• Gezza

               /  February 1, 2017

              I’m for fluoridation patu.

            • patupaiarehe

               /  February 1, 2017

              Please explain why G.

            • Alan Wilkinson

               /  February 1, 2017

              That’s not the issue here, G. The question is who should decide everyone’s water is fluoridated by someone else.

            • patupaiarehe

               /  February 1, 2017

              Hmmm, OK, no explanation forthcoming. While I’m waiting, I’ll share a conversation (which was pretty one sided!) that I had with another ‘anti-fluoridation nutter’ a few weeks back…

              “You know Patu, I think that maybe I’m wrong. Perhaps it really is OK to add something to the water that benefits some, and has unfortunate consequences on others. Fluoride allegedly helps the young, but also allegedly makes old peoples bones weaker. Shouldn’t we be catering to the majority, though? There are far more retirees than kids, here in Tauranga, and I reckon that a lot of old men might have a bit more trouble ‘getting UP in the morning’, than they used to… So why not add a ‘therapeutic dose’ of Sildenafil (Viagra) to the water? Anyone who doesn’t want a ‘stiffy’, has the option to buy bottled water. Personally, I can’t understand why they would want to…”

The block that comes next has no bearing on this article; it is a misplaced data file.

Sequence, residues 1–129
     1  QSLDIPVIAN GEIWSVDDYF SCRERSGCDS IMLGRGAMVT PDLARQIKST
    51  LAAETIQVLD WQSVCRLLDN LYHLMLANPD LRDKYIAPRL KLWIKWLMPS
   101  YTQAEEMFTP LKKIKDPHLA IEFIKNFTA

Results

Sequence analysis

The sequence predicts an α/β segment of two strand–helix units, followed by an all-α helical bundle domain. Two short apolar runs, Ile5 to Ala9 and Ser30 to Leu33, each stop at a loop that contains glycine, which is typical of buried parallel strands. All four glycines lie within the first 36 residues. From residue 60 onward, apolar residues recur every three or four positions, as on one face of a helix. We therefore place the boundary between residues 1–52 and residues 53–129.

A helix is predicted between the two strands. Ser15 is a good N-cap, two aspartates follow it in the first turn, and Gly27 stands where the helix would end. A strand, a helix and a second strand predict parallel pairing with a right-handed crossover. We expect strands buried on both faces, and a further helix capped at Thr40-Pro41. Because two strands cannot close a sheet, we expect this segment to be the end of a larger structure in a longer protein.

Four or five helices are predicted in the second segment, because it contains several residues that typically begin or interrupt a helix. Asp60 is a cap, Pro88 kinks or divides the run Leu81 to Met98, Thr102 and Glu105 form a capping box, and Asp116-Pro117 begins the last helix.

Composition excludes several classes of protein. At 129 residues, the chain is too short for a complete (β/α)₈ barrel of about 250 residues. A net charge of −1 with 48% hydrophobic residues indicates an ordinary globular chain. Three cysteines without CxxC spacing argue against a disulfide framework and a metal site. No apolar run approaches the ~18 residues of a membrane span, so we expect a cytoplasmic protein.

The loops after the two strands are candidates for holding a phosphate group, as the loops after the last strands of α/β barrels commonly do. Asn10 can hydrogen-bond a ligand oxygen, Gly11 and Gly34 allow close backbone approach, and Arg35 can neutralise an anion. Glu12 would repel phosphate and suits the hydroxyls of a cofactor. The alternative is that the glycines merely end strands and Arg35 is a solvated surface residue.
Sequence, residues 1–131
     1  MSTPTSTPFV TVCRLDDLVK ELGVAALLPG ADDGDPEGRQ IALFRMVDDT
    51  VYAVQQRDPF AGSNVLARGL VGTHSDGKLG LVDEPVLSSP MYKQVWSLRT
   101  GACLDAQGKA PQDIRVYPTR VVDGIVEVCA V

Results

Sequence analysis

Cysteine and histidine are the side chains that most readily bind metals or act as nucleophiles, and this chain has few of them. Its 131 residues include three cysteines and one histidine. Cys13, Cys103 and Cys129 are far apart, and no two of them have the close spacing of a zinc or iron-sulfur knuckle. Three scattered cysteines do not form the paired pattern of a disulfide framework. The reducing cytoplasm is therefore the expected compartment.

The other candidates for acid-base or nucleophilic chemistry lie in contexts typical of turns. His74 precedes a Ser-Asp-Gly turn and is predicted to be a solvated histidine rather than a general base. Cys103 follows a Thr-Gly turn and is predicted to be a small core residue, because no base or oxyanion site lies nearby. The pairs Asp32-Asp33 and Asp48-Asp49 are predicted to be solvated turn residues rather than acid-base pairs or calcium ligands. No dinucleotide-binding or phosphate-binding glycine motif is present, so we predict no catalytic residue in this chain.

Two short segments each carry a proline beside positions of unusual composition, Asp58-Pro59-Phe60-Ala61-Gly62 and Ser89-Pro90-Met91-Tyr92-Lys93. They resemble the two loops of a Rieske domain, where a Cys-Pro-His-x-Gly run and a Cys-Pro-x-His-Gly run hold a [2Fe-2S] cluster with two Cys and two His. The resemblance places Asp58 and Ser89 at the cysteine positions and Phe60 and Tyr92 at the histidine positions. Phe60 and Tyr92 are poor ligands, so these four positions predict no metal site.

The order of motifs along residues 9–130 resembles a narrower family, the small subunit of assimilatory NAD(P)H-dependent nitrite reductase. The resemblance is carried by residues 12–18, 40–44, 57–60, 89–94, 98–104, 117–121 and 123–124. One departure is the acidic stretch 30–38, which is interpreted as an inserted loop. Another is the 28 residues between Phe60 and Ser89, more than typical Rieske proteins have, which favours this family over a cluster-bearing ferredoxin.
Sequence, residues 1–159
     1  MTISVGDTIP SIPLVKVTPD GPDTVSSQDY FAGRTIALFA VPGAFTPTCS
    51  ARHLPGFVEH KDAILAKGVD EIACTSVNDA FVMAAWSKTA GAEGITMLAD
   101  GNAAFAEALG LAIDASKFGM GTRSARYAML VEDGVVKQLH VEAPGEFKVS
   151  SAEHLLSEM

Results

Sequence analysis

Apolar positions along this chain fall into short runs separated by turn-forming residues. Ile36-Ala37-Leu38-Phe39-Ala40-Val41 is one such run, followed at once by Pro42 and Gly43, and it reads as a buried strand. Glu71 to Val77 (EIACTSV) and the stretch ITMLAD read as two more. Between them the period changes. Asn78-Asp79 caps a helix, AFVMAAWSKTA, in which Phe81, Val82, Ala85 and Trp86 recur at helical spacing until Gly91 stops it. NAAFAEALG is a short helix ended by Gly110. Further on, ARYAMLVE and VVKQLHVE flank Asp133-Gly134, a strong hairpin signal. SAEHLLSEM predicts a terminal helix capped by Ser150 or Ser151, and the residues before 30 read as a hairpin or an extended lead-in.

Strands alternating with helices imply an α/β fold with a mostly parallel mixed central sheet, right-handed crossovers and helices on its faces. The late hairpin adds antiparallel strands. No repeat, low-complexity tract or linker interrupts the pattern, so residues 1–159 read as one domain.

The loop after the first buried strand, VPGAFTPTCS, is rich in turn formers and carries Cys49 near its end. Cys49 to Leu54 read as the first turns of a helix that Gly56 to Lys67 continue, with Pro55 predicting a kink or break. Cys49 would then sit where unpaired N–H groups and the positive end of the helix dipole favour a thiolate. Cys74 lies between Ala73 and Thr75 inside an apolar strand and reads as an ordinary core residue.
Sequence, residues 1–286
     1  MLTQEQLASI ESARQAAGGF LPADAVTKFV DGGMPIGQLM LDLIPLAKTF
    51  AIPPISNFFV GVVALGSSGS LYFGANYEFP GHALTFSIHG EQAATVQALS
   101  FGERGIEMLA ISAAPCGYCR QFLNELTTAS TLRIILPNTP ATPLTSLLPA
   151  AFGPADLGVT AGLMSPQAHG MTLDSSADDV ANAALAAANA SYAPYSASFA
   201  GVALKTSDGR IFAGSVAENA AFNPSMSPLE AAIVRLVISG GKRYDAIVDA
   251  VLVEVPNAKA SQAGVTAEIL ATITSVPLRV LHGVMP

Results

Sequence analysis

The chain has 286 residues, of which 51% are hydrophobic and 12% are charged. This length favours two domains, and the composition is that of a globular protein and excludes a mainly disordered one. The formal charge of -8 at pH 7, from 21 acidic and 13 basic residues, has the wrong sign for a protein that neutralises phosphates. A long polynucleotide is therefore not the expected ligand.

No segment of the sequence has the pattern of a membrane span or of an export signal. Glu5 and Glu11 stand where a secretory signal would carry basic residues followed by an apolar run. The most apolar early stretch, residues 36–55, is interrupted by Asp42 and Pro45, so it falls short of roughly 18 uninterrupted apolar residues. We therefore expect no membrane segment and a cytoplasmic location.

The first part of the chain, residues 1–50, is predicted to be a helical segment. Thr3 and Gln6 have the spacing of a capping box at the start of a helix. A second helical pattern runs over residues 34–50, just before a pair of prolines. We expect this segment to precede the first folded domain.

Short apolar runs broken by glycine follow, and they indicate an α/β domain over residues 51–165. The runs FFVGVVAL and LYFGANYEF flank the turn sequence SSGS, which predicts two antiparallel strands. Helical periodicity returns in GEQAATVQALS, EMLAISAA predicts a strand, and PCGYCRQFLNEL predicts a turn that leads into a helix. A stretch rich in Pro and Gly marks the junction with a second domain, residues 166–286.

• Gezza

               /  February 1, 2017

              Conversations between nutters are usually good fun. I’ve heard a couple of good ones up at dad’s rest home. Like a skit with Ronnie Barker & Ronnie Corbett having a conversation as two deaf yokels in the local village pub. Both constantly agreeing with what the other said, but having two completely different conversations.

            • Gezza

               /  February 1, 2017

              I’m persuaded that it’s beneficial and not persuaded that it’s harmful patu.

              That said, I think the community via the council should be able to make the decision, not a DHB.

            • patupaiarehe

               /  February 1, 2017

              Sildenafil or Fluoride G? 😉

            • Gezza

               /  February 1, 2017

              Fluoride thanks patu.

            • patupaiarehe

               /  February 1, 2017

              I know G, was just being silly. That said, if you can find a source for ‘the other one’, you should try it 😉 .

            • Gezza

               /  February 1, 2017

              Late enough for me patu. Quick check of Trumpy’s twitter feed then bedtime for me. Ka kite e hoa.

            • patupaiarehe

               /  February 2, 2017

              Me too, cya 2moro

  9. I see Mr English has announced 23/9.. but in the interim, i read that the Cannabis Party (ALCP) have announced they have confirmed a candidate to stand in the Mt Albert by-election, this month 🙂

  10. Gezza

     /  February 1, 2017